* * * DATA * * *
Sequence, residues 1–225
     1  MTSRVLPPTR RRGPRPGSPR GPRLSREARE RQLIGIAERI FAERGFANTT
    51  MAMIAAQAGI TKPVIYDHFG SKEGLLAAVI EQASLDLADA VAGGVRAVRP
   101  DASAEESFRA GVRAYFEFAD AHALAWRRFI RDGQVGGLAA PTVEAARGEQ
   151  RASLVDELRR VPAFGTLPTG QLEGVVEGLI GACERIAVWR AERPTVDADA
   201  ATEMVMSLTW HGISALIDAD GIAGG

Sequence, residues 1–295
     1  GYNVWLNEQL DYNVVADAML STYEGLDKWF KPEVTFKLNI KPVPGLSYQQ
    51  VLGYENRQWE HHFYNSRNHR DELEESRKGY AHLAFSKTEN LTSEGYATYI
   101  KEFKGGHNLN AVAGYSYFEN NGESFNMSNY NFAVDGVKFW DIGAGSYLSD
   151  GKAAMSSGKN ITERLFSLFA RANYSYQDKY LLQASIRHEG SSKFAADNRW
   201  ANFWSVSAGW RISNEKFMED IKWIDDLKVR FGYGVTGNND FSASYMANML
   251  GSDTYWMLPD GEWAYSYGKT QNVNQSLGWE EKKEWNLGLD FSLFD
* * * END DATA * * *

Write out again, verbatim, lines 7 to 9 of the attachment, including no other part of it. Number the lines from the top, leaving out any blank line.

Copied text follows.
Sequence, residues 1–295
     1  GYNVWLNEQL DYNVVADAML STYEGLDKWF KPEVTFKLNI KPVPGLSYQQ
    51  VLGYENRQWE HHFYNSRNHR DELEESRKGY AHLAFSKTEN LTSEGYATYI